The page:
How to Use Goals

Every year in January a horde of people line up at the gym for that magical workout that will change their lives forever. They make grandiose promises of losing 50 pounds, giving up sugar, or quitting smoking. Of course by the 2nd week of January the gym is a ghost town, candy bar sales are through the roof and that pack of cigarettes became two. Why is it so hard to do what we know needs to be done? It’s not like it’s someone else’s problem that we are being asked to care about. In fact, typically people are much better at doing the work that is important to someone else, such as their boss.

The problem is a lack of planning. If you don’t plan your life, someone will plan it for you, more than likely your boss. Without a plan, all you can do is fumble around in the dark dealing with issues as they occur. It is virtually impossible to accomplish anything substantial without a certain amount of organization. But to keep track of what you need to do, you must know what you need to do. You must have a goal.


A goal is a desired result. It’s a mission. It is a dream. When you look to the future and imagine how things could be, that is a goal. It doesn’t matter if that is for tomorrow, later this year or sometime before you die. Goals are how we plan for the future. To me, it makes sense to list goals into three different groups: Long Term, Yearly and Quarterly.

Long Term Goals are used for direction. They serve as a compass for everything we plan to do. These are the list of outcomes that we hope to achieve someday. They don’t have to be specific but they should be measurable.

There needs to be some solid definition, so that you know when you are done. For example, if the goal is to be healthy, how will you know when you are successful? Your definition for healthy will change over time. Mine changes every morning right before it is time to head to the gym. That is when I feel so healthy that the gym seems unnecessary. Don’t set “healthy” as your goal. It is better to set a certain weight, or some other attribute like six pack abs. Then, there will be no question as to whether you met the goal.

A long term goal should be hard but achievable. It should act as a guide for all of your yearly and quarterly goals. It should not be a stepping stone to something bigger. The bigger goal itself is your long term goal. I break mine up into five different categories: Health, Family, Professional, Personal and Financial.

Yearly Goals are the major achievements that you want to accomplish this year. Each of them should bring you closer to fulfilling a long term goal. Bonus points for the yearly goal that counts towards multiple long term goals. If you find yourself planning something that is unrelated to a long term goal, you know there is a problem. Where is the disconnect? Did you not fully identify your long term goals? Does it make sense to do this work?

Be careful not to bite off more than you can chew. It is better to keep your load manageable, especially at first. It is much easier to give up, if you fall hopelessly behind. That is less likely to happen if you start off small. In another post, I will describe the mechanism I use for changing goals.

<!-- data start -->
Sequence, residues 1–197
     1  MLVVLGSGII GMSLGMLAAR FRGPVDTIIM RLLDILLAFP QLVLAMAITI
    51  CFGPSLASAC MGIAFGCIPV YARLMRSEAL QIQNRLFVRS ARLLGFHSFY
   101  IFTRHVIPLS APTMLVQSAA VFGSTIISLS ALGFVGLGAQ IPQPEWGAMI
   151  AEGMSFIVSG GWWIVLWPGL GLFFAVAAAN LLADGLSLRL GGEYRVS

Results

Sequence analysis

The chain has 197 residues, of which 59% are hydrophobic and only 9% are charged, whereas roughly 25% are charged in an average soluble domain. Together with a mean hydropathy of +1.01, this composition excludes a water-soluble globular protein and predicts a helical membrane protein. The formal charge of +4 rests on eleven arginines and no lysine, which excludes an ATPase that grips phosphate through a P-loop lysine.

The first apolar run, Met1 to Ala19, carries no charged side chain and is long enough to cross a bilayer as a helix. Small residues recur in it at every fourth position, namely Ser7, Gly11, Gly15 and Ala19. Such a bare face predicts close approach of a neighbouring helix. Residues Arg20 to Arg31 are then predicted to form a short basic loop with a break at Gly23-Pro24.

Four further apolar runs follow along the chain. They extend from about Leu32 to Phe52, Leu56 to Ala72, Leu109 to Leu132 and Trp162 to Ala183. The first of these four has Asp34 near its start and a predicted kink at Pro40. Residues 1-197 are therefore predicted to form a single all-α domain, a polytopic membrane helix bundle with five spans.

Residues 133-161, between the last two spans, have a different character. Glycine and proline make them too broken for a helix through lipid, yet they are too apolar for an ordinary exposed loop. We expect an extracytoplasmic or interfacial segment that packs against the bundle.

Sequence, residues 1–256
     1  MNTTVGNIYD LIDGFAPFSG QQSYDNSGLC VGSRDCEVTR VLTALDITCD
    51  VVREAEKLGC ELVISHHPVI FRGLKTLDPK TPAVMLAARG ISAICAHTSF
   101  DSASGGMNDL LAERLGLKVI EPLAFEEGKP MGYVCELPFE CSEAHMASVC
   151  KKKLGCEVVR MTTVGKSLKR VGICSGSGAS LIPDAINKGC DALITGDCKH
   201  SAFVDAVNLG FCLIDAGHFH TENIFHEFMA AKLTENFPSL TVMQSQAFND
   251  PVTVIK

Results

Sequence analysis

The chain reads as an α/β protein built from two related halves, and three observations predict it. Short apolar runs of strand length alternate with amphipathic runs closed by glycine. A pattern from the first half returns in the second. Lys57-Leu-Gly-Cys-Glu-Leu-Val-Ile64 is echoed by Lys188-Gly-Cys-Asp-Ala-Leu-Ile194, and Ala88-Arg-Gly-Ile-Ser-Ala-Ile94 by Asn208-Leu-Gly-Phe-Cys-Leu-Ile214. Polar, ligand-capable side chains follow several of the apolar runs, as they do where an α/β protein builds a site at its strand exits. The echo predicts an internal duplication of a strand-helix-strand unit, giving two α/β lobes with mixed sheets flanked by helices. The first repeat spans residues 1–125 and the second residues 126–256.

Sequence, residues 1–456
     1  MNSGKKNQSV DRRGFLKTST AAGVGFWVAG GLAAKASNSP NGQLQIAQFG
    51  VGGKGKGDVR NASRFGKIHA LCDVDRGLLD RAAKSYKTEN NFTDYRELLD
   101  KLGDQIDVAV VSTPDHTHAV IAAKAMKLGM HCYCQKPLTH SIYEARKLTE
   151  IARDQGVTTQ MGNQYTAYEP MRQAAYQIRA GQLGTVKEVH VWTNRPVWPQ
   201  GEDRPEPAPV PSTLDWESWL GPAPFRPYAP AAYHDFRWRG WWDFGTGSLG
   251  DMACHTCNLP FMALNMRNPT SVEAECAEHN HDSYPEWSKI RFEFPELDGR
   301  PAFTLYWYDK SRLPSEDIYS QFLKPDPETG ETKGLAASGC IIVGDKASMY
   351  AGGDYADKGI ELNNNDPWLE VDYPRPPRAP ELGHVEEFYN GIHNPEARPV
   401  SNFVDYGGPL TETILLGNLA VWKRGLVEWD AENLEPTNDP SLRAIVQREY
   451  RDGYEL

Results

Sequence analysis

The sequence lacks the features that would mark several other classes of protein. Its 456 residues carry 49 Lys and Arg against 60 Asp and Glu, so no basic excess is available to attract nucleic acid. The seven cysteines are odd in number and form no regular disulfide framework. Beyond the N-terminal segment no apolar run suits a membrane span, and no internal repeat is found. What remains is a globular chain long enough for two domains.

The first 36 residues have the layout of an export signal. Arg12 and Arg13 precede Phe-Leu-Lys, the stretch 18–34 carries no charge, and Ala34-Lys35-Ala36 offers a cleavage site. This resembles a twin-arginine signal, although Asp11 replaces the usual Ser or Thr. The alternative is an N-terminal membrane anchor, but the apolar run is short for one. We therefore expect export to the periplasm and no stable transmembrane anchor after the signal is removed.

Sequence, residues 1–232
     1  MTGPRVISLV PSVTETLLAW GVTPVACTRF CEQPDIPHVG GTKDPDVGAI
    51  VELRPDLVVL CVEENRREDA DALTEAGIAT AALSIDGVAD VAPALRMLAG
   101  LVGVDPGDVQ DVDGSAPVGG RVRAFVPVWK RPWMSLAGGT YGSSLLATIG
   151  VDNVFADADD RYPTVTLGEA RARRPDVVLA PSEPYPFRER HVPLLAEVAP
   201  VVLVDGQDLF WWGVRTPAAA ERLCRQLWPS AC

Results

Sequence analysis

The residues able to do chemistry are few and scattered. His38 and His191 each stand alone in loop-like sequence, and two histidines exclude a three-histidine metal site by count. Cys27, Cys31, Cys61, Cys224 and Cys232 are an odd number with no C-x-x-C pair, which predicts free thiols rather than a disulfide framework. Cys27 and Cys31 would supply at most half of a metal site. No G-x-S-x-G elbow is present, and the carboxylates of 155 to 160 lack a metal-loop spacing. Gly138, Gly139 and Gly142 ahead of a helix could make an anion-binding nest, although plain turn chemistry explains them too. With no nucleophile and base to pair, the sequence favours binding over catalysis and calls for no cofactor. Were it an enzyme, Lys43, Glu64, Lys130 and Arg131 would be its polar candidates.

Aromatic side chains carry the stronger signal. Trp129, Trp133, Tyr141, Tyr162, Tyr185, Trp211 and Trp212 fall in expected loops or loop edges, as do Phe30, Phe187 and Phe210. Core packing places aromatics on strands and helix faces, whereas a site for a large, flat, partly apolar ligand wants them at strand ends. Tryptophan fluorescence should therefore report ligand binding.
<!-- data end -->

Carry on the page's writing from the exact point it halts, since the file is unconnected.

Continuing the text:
On the other hand, don’t be so easy on yourself that there is no challenge. Achieving all of your goals in the first months of the year defeats the purpose. There will always be pressing things to do. If you don’t have any goals you will have no viable way of prioritizing what you do. You will essentially be back to dealing with issues as they occur.

Quarterly Goals are the ones that are in the crosshairs. These are goals in which we can identify specifics. If a long term goal is a dream and a yearly goal is a mission then a quarterly goal is a project. You should have a pretty clear idea of how you will accomplish a quarterly goal. It is no longer a dream. It is now simply work that needs to be done.

For example, if your long term goal is to major in a specific study in college, you may decide to take certain classes your first year. But each semester you actually enroll in those classes. You then know exactly when to attend class and which books are required. This isn’t some pie in the sky fantasy. You have committed to taking these classes and there are consequences if you do not. To a freshman attending the first class of the semester, the idea of a degree may seem unreal or even impossible. But of course it isn’t, graduation will come one semester at a time.

In conclusion

There is no shortage of techniques for keeping track of what you need to do. I use a process that is based off the book Getting Things Done by David Allen. All of the planning in the world is a waste of time if you don’t have a clear idea of what you want to accomplish. It is easy to let your agenda be set by the people around you. It is easy to spend all of your time putting out fires. It might be better to let some things burn. Who knows, maybe a new hero is just waiting for the chance to champion that cause.

The most insidious villain in my life is me. I constantly have new ideas that I let derail what I am currently working on. Writing down long term, yearly and quarterly goals reminds me of why I am doing what I am doing. I feel like I am fulfilling a purpose when I force myself to keep my projects based on my current goals.

Setting goals is not a one and done ordeal. Life is not static and neither are your goals. However, there is a balance. You shouldn’t change goals on a whim but they also shouldn’t be so set in stone that they no longer align with who you are. This is where a planning system comes in play. My next post will be the nuts and bolts of how to plan projects and manage goals.